Stents for Coronary Artery Blockages

Over the past few decades, stents have revolutionized the treatment of coronary artery disease. Stents are metal wire-mesh struts that are positioned into an artery to “prop open” the artery after angioplasty. Virtually all angioplasty procedures today include the insertion of a stent.

A stent in a coronary artery, illustration
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The Purpose of Stents

Stents are designed to diminish the problem of restenosis, which occurs frequently after angioplasty alone. Restenosis is caused by new tissue growth at the site of angioplasty, possibly provoked by the trauma which angioplasty invariably induces when it compresses an atherosclerotic plaque.

The earliest stents were made of uncoated metal (bare metal stents, or BMS). Most modern stents are coated with drugs that inhibit tissue growth, and thus inhibit restenosis. These are called drug eluting stents, or DES. Stents—especially DES—have substantially minimized the problem of restenosis.

How Are Stents Inserted?

Stents are inserted by placing a collapsed stent over a deflated balloon at the end of a catheter. The catheter is advanced to the portion of the artery that has just undergone angioplasty, and the balloon is inflated, thus expanding the stent against the wall of the artery. The balloon is then deflated and the catheter is removed, leaving the stent in place. Usually, the balloon inflation which is used to expand the stent is also used to perform the actual angioplasty, so that angioplasty/stenting is performed in one step.

Stents come in numerous sizes and shapes to allow the cardiologist to choose a device which will best fit the patient’s artery.

Complications With Stents

Problems can occur if a stent is positioned improperly within the artery, or if a stent of the wrong size or shape is used. Once a stent is placed in an artery it cannot be removed, so problems related to such “poor deployment” are difficult to treat, and may require bypass surgery. This complication was much more frequent in the early days of stent usage, when only a few varieties of stents were available to choose from. Fortunately, the risk of complications from poor deployment is far less than 1% today.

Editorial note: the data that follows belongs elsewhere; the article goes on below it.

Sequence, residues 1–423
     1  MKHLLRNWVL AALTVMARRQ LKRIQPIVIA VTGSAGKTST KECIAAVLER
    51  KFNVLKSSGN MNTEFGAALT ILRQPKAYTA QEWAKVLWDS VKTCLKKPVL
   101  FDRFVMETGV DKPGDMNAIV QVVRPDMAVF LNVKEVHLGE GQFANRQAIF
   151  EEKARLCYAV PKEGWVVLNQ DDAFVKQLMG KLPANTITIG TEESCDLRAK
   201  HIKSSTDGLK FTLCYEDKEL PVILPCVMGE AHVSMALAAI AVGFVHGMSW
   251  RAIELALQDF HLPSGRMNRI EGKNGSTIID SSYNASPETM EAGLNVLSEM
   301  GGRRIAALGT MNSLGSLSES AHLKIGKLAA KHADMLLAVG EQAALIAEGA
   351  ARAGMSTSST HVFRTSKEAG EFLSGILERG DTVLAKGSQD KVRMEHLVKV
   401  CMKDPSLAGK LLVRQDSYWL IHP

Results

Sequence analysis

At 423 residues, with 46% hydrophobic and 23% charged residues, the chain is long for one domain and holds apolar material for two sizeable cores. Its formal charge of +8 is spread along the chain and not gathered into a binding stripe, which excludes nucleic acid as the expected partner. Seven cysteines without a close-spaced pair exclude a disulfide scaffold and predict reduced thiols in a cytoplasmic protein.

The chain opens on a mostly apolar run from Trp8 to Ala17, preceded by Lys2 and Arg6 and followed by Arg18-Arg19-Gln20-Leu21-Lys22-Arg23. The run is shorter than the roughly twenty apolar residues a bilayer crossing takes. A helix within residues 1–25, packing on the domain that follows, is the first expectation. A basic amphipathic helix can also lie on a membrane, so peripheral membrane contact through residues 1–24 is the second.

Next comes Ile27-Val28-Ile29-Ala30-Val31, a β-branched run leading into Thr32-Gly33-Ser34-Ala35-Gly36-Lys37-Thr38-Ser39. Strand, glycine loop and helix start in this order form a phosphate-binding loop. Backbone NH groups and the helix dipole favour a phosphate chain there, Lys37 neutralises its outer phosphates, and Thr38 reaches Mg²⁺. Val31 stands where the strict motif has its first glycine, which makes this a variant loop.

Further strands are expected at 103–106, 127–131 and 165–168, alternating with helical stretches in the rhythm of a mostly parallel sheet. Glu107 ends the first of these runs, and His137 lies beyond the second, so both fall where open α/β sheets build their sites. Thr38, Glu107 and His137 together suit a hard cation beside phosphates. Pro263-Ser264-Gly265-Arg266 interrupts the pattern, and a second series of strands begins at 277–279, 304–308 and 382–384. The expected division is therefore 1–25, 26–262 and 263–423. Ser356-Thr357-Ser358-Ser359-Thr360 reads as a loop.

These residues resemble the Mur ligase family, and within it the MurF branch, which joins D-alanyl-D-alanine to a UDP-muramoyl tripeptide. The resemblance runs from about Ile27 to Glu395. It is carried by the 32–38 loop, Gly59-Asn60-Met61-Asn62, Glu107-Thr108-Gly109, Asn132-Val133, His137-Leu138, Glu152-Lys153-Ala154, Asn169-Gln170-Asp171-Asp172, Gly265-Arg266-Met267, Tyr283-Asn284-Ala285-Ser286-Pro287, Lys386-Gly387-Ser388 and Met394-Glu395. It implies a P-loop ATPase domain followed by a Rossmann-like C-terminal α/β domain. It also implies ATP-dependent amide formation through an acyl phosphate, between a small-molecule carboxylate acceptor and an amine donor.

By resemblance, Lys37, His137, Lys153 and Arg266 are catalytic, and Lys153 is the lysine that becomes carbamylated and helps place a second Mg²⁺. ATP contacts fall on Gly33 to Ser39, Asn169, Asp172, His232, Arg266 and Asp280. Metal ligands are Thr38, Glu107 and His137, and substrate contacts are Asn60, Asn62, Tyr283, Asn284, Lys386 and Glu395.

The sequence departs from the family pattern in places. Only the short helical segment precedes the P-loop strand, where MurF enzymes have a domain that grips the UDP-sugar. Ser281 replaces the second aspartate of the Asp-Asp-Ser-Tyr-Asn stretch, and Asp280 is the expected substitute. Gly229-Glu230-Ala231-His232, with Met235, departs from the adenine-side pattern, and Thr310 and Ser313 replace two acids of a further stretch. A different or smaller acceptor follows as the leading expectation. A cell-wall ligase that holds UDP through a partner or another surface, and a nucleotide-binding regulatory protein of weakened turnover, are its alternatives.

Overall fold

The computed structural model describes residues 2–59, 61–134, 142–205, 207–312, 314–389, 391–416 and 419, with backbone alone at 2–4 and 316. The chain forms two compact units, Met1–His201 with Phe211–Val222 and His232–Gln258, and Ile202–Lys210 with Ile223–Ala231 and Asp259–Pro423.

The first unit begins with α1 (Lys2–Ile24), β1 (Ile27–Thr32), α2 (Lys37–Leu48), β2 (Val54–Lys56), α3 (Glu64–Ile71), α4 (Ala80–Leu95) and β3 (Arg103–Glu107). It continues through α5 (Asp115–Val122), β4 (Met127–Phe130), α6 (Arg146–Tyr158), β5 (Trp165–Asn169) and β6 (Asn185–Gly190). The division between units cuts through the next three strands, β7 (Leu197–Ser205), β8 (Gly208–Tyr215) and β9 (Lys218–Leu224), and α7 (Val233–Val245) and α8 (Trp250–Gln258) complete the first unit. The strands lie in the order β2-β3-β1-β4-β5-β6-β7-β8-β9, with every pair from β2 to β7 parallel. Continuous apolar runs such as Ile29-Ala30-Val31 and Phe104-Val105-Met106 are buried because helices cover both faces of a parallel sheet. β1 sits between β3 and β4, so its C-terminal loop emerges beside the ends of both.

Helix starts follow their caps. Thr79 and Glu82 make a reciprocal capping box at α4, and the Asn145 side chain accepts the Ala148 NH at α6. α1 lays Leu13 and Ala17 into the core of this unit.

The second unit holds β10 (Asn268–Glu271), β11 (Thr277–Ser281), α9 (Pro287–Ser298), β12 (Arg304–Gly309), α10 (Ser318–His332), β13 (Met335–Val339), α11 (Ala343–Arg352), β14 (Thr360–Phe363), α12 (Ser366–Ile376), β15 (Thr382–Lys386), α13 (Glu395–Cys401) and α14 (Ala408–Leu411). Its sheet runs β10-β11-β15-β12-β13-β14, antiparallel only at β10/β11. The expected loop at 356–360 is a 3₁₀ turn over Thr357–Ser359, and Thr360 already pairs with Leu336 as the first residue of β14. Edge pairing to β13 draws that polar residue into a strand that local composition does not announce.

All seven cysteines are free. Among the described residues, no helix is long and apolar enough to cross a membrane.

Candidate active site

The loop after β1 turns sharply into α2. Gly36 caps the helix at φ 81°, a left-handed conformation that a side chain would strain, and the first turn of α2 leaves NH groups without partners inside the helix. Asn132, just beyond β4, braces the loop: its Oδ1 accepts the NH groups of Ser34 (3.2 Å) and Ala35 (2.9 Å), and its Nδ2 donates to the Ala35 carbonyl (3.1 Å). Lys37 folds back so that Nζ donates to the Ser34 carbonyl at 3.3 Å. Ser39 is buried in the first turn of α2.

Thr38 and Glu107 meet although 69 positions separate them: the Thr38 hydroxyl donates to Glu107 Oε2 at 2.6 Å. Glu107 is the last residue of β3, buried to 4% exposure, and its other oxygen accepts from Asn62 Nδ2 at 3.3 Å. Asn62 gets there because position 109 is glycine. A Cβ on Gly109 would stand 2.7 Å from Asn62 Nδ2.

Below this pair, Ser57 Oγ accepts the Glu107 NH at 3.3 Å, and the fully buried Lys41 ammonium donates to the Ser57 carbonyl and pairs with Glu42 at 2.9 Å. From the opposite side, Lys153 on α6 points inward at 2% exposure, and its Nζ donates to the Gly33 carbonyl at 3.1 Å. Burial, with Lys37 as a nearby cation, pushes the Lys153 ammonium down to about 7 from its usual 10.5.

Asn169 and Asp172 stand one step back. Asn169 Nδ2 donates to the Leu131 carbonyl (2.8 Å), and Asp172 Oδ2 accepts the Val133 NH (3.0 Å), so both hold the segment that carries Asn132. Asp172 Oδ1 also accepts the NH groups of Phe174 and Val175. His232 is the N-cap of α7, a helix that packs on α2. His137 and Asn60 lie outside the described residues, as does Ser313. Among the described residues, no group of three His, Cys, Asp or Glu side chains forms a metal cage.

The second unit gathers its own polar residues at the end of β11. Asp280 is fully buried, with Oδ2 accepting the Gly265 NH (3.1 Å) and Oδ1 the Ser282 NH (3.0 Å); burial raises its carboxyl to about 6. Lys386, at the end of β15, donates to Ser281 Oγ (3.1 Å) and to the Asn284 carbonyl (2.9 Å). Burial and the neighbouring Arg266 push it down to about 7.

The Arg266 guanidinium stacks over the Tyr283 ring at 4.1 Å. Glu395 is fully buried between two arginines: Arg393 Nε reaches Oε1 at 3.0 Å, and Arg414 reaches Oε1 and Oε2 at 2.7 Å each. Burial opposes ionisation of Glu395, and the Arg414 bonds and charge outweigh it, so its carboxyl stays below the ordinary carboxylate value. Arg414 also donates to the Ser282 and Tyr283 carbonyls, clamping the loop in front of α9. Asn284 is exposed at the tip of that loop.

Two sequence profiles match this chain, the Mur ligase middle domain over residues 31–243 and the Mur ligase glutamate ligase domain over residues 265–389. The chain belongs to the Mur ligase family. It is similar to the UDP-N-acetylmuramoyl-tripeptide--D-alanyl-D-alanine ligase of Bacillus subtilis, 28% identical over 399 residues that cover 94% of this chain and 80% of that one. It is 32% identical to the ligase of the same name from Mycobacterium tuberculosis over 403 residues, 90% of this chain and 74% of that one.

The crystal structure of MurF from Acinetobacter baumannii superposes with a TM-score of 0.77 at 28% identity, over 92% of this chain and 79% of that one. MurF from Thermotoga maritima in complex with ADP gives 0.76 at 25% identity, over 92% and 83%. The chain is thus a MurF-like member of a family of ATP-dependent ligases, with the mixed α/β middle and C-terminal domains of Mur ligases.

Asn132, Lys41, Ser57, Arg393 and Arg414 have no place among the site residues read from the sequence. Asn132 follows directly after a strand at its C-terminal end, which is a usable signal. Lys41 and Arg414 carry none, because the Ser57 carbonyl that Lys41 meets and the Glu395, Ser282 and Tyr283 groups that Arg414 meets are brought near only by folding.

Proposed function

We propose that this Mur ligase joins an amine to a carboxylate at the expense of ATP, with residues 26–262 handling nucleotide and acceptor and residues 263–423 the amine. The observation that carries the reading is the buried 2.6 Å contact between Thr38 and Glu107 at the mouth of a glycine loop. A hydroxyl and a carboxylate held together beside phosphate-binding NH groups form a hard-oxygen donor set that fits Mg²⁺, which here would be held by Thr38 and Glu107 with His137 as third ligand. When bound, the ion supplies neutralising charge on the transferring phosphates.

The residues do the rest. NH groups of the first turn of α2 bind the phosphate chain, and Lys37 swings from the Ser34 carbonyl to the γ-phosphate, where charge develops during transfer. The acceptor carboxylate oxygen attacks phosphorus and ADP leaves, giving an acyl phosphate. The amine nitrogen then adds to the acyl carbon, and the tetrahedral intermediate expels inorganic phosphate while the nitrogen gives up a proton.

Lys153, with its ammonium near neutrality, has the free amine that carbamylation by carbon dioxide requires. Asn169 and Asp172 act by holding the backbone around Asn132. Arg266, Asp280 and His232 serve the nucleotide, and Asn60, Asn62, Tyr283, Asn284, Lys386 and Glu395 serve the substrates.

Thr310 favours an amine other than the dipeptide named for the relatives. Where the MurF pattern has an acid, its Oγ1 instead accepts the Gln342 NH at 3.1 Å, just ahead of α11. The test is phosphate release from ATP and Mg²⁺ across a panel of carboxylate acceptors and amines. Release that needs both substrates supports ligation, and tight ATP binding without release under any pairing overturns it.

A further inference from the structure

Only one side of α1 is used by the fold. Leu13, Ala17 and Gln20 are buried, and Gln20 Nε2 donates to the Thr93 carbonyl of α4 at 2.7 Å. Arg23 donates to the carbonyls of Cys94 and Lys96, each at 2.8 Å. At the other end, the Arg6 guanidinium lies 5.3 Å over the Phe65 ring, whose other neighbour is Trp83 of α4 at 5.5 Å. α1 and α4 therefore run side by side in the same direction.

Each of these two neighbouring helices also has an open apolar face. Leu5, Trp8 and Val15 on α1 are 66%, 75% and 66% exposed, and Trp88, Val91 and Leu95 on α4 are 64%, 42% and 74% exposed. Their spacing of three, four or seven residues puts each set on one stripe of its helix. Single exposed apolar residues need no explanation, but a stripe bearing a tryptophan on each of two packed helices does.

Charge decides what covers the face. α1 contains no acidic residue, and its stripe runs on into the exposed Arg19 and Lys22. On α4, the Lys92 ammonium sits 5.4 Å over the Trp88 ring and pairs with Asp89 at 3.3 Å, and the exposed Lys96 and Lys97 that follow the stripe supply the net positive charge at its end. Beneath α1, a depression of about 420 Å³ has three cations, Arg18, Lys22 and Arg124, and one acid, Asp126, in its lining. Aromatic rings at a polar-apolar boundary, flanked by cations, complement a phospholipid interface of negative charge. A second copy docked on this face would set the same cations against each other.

A more significant complication seen with stents is stent thrombosis.

Stent Thrombosis

While stents have been successful at reducing the chief problem associated with angioplasty—restenosis—they have introduced a new problem: stent thrombosis. Stent thrombosis is the sudden blockage (occlusion) of a coronary artery at the site of stent placement, caused by the formation of a blood clot. This sudden event is often catastrophic, leading to heart attack (myocardial infarction) or death. Fortunately, the risk of stent thrombosis is quite small—as long as anti-platelet drugs are used to inhibit blood clotting.

All patients receiving stents need to be placed on “dual anti-platelet therapy” (DAPT) with two anti-platelet drugs to inhibit blood clotting: aspirin, and one of the P2Y12 receptor blockers. The P2Y12 blockers that are used to prevent stent thrombosis are clopidogrel (Plavix), prasugrel (Effient), and ticagrelor (Brilinta).

DAPT carries its own risks, and there is a lot of controversy about how long patients should remain on these drugs after receiving a stent.

A Word From Verywell

Stents have greatly reduced the risk of restenosis, and have made the (relatively) noninvasive treatment of coronary artery blockages feasible and routine. However, receiving a stent always introduces a new issue—the risk of stent thrombosis—and optimally managing this risk is not a trivial problem.

Anyone whose doctor recommends a stent needs to carefully consider both the risks and benefits of this therapy, as well as all the alternative therapies that are available for coronary artery disease.

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